And, of course, take the time to see the afternoon parade. I’ll admit that I’m not sure if they’ve reintroduced the Maleficent float to the parade. After the fire that destroyed the sister float in the Festival of Fantasy parade in Magic Kingdom, they took her out of action in Paris for safety. I’ve not seen if she’s back up and running – hopefully they found her to be safe – and I always love a parade. The music for Stars on Parade is really good… and catchy!
The one thing I would AVOID is the Indiana Jones ride. It’s theming is poor, certainly in contrast to the Indy ride in California and the roller coaster is old and rickety and just… not fun. Steer clear of that and don’t waste the time queuing for it!
Walt Disney Studios
The rides in the Toy Story Playland are pretty basic ‘fairground’ type rides. Think Dino-rama at Disney’s Animal Kingdom. But they can still be pretty fun. I do quite like the RC Racers!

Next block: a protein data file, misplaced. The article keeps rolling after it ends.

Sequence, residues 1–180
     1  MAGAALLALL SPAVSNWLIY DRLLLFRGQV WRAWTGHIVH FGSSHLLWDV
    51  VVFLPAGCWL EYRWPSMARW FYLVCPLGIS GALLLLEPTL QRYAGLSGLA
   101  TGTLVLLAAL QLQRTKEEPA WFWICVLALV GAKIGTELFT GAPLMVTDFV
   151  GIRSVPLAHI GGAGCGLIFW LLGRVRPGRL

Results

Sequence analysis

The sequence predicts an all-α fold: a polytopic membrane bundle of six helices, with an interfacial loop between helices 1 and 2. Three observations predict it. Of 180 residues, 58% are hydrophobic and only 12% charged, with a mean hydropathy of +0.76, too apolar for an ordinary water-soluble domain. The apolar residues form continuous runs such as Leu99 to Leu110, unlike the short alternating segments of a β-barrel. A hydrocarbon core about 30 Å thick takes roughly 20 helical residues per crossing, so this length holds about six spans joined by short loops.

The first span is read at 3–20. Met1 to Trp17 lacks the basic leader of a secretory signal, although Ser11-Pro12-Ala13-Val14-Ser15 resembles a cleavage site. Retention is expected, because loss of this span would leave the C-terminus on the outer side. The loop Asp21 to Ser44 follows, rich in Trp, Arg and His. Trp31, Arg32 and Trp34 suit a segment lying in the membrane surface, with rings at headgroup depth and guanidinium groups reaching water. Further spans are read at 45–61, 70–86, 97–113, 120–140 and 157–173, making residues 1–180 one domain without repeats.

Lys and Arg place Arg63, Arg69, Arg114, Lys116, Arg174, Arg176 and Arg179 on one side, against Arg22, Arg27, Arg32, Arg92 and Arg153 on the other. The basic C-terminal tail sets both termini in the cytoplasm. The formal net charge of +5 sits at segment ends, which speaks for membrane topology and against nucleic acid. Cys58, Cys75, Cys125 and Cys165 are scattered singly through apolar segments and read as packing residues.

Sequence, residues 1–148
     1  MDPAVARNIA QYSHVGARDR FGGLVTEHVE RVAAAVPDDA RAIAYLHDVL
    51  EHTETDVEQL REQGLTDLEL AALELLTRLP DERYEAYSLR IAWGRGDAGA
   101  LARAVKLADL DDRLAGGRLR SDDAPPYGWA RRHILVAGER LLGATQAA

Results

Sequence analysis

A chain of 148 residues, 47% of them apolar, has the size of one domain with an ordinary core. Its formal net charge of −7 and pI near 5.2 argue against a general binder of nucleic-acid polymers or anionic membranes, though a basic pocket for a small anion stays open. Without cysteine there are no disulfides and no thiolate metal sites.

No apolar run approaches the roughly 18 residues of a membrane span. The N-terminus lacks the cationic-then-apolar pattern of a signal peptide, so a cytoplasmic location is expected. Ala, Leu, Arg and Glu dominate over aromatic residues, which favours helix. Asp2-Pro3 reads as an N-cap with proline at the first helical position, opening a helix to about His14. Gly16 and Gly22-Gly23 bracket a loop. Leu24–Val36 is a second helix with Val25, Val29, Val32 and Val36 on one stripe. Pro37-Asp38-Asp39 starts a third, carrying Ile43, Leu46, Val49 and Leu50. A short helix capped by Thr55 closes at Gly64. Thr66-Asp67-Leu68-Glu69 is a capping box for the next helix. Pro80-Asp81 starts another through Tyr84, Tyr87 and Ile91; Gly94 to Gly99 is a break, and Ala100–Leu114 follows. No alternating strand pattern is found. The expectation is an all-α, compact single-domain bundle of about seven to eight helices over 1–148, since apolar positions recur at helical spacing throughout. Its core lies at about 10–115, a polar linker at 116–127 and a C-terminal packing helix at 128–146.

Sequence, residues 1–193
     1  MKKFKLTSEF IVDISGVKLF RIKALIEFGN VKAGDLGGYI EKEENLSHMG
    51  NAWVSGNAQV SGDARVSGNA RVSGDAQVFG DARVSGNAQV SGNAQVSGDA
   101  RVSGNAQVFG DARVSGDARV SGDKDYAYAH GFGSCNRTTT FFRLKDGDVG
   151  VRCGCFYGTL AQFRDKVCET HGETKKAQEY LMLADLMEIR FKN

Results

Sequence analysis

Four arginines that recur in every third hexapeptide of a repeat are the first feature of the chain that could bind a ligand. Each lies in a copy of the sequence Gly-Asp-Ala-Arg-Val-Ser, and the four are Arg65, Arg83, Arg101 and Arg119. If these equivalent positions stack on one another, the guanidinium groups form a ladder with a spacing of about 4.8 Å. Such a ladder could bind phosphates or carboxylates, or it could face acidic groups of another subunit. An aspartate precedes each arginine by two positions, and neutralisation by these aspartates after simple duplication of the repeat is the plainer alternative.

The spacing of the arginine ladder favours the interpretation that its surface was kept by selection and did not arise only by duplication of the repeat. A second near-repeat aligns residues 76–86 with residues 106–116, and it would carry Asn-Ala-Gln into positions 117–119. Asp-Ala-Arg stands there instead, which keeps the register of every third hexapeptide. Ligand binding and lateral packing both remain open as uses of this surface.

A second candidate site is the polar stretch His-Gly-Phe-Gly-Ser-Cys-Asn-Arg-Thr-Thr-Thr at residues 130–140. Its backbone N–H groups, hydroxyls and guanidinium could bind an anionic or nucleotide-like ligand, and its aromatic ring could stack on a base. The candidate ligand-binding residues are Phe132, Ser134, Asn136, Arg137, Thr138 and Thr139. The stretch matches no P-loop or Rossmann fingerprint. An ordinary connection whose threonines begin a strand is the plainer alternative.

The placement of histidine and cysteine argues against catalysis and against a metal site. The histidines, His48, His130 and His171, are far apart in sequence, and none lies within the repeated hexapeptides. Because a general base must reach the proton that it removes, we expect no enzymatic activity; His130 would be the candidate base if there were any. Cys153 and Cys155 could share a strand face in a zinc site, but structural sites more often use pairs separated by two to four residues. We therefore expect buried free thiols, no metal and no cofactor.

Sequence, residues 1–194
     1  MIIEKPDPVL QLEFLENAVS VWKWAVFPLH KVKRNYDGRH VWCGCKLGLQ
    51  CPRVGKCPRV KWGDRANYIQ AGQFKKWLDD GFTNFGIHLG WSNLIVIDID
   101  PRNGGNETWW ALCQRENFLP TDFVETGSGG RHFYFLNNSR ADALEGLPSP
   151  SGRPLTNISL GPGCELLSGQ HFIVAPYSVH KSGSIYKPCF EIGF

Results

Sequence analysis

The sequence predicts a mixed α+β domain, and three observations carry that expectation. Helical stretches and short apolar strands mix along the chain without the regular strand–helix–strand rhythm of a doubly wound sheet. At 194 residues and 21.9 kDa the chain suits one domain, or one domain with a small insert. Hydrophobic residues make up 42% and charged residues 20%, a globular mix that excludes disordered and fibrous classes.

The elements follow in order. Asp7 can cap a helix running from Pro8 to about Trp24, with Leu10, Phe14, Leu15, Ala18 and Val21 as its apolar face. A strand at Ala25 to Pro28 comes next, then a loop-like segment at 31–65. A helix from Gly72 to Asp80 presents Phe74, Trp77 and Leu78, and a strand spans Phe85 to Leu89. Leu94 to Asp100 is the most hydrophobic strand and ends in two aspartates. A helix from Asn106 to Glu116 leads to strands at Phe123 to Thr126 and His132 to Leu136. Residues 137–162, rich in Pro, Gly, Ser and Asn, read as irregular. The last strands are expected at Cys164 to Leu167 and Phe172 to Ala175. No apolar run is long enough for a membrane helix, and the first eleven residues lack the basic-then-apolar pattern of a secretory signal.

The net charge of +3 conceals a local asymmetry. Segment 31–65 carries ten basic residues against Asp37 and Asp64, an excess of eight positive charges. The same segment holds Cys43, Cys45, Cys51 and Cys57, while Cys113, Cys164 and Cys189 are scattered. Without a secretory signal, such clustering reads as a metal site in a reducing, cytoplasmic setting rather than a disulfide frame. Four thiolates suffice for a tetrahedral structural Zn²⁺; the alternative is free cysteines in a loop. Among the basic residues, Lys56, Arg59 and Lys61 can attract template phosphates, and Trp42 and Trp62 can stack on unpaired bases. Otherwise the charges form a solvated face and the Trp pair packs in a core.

If you can get on Crush’s Coaster then go for it! It is the longest queue in the park and a bit of a slow load, but it’ll be fun. And you can’t go wrong with the Tower of Terror or Rock n Roller Coaster.
If you miss Lights, Motors, Action at Hollywood Studios then never fear! Originally sourced for Walt Disney World from Paris, it’s still going strong here! And something else that almost made my top 5 is Stitch Live! On a par with Turtle Talk with Crush (and far superior than Monsters Inc Laugh floor) in Florida, the animation does well while Stitch talks live with audience members. As with most of these, the audience plays a role so as a positive, you can really get a different show each time. Downside with that is some shows aren’t as good as others.
The Studios isn’t a huge park currently, so you can easily do everything in one day. I look forward to the three land expansions, but we’re still a good few years away from those opening!